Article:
Angulation refers to the lateral movements of creating angles at the ankles, knees, hips and spine1, but it is commonly used to reference hip angulation. It's purpose is edging and balancing over the outside ski and it usually manifests itself in a "stable core" or calm upper body, since the torso tends to look upright while the skis swing and turn underneath:
We can also bend "forward" at the hips, i.e. "hunch forward" to balance over the outside ski, in the bottom part of the arc. Coiling allows this movement to be combined with hip angulation in balancing over the outside ski, see coiling and Get over the outside ski for more discussion.
So... what exactly would you do if I asked you to "angulate" ?
Because of the fuzziness of this term, we prefer the term counterbalancing throughout this website, which is a very specific lateral movement and counteraction, which is a specific rotational movement.
A specific form of angulation, where you are crunching sideways at the hips more than curving the spine, depending on the needs. It is also sometimes described as the femurs pivoting in the hip sockets.
When executed properly at the high levels, you will be able to notice not only the shoulders parallel to the snow but also the hips staying parallel to the snow, i.e. using the hips more and the spine less:
Sometimes you will see references to "knee angulation" to mean a sideways angulation at the knee, which is not a good thing, as the knee is a hinge joint with minimum lateral range of motion.
What sometimes happens is that if someone is pushing against the ski at the same time he or she is trying to tip it on edge, the pushing counters the tipping and the edging stops:
In this case, you may be tempted to think "knee angulation" and drive the knees into the hill, possibly with some Femur rotation. But that is suboptimal. It is more effective to use flexing and manage pressure appropriately.
It was prevalent in the days of the straight skis4, which required a lot of edging, but not really necessary with modern equipment.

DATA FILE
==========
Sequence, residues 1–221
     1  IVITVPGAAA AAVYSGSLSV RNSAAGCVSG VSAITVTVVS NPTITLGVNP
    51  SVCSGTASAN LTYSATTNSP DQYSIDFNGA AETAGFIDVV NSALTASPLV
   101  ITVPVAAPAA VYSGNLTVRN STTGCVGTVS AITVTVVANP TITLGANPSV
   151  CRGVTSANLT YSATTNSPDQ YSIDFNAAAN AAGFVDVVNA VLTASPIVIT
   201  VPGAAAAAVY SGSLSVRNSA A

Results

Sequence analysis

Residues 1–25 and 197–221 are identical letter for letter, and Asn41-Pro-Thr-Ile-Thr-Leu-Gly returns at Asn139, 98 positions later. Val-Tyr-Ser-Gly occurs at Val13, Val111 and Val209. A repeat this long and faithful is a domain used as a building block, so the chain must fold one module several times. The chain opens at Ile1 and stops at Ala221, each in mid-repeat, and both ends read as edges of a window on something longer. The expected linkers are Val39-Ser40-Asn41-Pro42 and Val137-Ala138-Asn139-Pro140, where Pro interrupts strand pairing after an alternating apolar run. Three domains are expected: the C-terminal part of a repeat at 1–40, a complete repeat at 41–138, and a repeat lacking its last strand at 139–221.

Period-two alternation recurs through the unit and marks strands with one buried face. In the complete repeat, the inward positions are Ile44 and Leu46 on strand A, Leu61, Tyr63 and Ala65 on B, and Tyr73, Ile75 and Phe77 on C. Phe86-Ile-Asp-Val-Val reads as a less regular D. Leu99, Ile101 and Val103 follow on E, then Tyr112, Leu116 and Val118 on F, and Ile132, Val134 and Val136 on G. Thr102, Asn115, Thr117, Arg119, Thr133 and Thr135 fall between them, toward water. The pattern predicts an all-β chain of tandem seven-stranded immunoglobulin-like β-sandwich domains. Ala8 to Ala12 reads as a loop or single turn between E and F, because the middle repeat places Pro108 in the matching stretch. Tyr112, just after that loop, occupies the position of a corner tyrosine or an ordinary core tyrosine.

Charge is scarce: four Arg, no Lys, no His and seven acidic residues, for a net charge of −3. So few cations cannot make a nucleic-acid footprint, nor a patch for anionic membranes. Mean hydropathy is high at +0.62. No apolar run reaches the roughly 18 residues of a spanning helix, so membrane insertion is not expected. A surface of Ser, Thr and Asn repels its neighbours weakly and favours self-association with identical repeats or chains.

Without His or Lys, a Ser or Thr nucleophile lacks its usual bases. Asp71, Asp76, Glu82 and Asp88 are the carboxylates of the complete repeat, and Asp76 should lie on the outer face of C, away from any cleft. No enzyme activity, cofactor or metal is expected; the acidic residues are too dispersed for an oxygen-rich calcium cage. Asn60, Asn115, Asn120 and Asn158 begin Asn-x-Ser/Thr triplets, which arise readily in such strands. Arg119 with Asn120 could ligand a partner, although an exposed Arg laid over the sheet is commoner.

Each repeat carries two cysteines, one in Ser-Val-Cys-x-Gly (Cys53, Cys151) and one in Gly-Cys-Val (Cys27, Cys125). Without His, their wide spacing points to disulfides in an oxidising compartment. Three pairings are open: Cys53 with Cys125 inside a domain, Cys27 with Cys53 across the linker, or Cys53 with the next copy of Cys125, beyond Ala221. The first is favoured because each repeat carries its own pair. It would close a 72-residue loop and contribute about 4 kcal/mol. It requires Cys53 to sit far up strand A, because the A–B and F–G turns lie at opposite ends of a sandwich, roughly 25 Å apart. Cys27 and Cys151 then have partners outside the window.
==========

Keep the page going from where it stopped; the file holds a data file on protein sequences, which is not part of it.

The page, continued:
We certainly could ski quite square, bank into turns in good skeletal alignment and forego angulation, but it would limit our angles and compromise our balance and edge hold, not to mention introducing an inefficient pendulum torso movement. The reason we create angulation is to allow more tipping than otherwise... which allows more angles, shorter turns, more grip and effective speed control on carving skis.
Also, it moves more effective weight over the outside ski, increasing the hold of this ski, while the flexed joints also improve balance, as we can absorb impulses and react better, with more range of movement.
We prefer to see all skiing as requiring angulation. How much exactly is mostly a matter of speed and turn shape, but even a little angulation can go a long way.
Too much speed may put a big strain on the back, if you go in with a lot of angulation. Although it can be mitigated with coiling, in speed events, at the apex, where the pressures are at maximum, it is more common to have less angulation, although in GS these days, there is more and more angulation, as athletes try to get the skis more and more on edge.
In technical skiing, short/medium turns, too little angulation will reduce the hold of the outside ski. It would also tend to create a pendulum motion of the torso.
It is not effective to drag the skis on edge with the upper body, so we do not see edging as a result of angulation/inclination, but as the separate movement to tip the skis on edge from the feet and ankles. In ski racing and high performance skiing, the focus is always on separating the lower and upper body and the upper is used for balance4.
In this sense, angulation of the upper body (hips, spine) follows tipping, to allow bigger tipping angles and balance over the outside ski, so an effective use of "angulation" is more in the sense of counterbalancing, to complement tipping the skis on edge.
Angulation is really defined from the viewer's perspective, it is more of a geometrical concept. The skier not skiing in front of a big mirror will not appreciate the angulation: the viewer does. So it represents instruction and feedback from the viewer's point of view rather than the skier's point of view.
Sometimes the concept of angulation is taken away from the planes of movement, when speaking of "separation creating angulation"3 because if you bend forward at the hips and then turn to the side, a viewer would see the result as a lateral angle.
Also, sometimes angulation is seen as an application of the principle ofseparation.
In modern ski instruction, the notion of alignment is preferred to "angulation" more and more, as in creating and maintaining alignment over the outside ski, in recognition of the fact that, as the skis turn throughout the turn, the needs for balancing on them are changing throughout the turn as well, as a continuous and coordinated play between separation and angulation or between counterbalancing and counteraction.
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